Georgia Stanway scores the goal their tournament deserves, England – so praiseworthy, so resilient – reach the semi-finals.
The show goes on thanks to a great character show. Because what made that 2-1 quarter-final win over Spain all the more impressive in so many ways was the fact that England were second-best so often. It was certainly far from their best performance. However, that made it the instant match of the tournament and brought out some of England’s best qualities; the kind of intangible strengths that really make champions; the kind of qualities that only emerge on nights like this, when the tension of it all is more excitingly suffocating than the summer weather.
All of this set the stage for the sweetest and loudest celebration in Brighton, something beyond anything Euro 2022 has offered to date.
Meanwhile, Sarina Wiegman had to find another way. One of the big debates following this win will be whether she will now need to play a different starting XI – with the most notable change in attack and perhaps midfield given the worrying sight of Keira Walsh going deep into overtime.
At the moment, just after such an important win for reasons well beyond this tournament, only the win that came from their changes matters.
Ella Toone equalized. Alessia Russo will surely make her way into the team now.
Of so much frenetic energy, however, there was one fixed point that stood firm to rise above it all. That was the star who may now have confirmed himself as a player of this tournament in Stanway.
Fittingly, their winner went into the net in extra time, a visual representation of the English mood during that game.
However, it was a rare moment of pure release in those 120 minutes that made it all the sweeter.
Even Stanway had looked like she was being overshadowed by Aitana Bonmati. England has long been overwhelmed by Spain.
Wiegman’s team received much-needed testing from the first lap but were ultimately denied. It would have narrowly prevented them from advancing to a semi-final for the first time since 2013.
What might that have said about Wiegman as a tournament specialist?
It’s important to remember that for long stretches the game threatened to become something far worse than a test. That was to be England’s greatest lesson.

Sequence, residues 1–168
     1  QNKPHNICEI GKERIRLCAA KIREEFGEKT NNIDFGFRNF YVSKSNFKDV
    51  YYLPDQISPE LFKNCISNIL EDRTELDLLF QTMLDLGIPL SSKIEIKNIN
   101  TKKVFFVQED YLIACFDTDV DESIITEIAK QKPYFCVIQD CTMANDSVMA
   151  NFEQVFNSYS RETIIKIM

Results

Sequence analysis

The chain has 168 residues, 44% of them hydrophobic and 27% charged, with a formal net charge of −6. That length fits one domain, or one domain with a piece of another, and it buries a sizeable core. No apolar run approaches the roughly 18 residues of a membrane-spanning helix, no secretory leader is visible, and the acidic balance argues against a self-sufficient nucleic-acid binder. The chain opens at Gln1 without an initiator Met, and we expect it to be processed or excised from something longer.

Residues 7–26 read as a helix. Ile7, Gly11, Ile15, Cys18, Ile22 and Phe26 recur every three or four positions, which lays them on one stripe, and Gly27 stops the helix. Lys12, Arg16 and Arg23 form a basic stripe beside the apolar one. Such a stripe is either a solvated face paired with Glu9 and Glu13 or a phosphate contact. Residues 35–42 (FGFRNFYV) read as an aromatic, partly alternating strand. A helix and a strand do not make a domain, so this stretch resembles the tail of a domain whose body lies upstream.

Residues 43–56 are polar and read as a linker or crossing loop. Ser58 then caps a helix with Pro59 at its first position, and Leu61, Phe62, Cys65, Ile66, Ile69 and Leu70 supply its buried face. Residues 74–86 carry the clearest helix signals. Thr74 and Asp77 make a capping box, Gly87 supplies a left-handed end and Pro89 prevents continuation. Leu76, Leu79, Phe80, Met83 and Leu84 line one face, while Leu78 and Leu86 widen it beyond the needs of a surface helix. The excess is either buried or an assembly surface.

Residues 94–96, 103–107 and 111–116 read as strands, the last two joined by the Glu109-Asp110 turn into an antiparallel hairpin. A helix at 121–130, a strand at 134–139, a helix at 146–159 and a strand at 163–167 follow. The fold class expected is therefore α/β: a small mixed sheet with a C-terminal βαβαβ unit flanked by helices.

That’s what makes the win really special.
There were long periods when it looked like it could be a Spanish show. They started straight away as if they knew they were technically better footballers. That was only underscored by their intense pressure on the back line and forcing errors on the rare moments in the English half when Spain weren’t in possession of the ball. Wiegman’s team just couldn’t play it to the same level from behind.
Aitana, meanwhile, looked on another level. She dominated the game the way she is a classic Spanish midfielder and almost the entire game started off her feet.
However, as is also common with Spain at the time, this meant that their game required a great deal of patience. They continue to produce so many creators but so few finishers, which is all the more pronounced without Alexia Putellas.
They had so much possession but were so prone to sudden breaks, as warned with Ellen White’s disallowed goal. It ensured that moment gave something to England, even if it wasn’t a goal. Wiegman’s team, already prone to crosses, became even more direct. This almost served as Chekov’s weapon of the game, waiting to be fired.
Spain, having lost some of their dominance, realized they needed something different. Athenea del Castillo came on at half-time. That actually made the difference.
It was her clearance down the right that eventually created enough space in the box, allowing Esther Gonzalez to touch and finish. It was a moment that came as a real relief for Spain considering how they sometimes struggled with possession, but it wasn’t one Rachel Daly will look back on too fondly.
Spain began to focus entirely on this side.
England had to focus on direct balls. Wiegman had to make some big calls. All of Beth Mead, White, and Fran Kirby have been removed. So was Daly, understandably.
One question out of all of this will be White’s starting position versus Russo.
It was another substitute in Toone who offered the equalizer, but only after Stanway’s innovation.
This reflected that not everything came directly from England. Stanway’s touch controlled the movement before Toone controlled it.
Spain felt it was a foul. They began to lose their composure. The truth was that they were repulsed, their confidence shattered along with their composure and their entire game plan shattered by airballs.
The game went one way in the final minutes of regulation time. Spain desperately needed the break.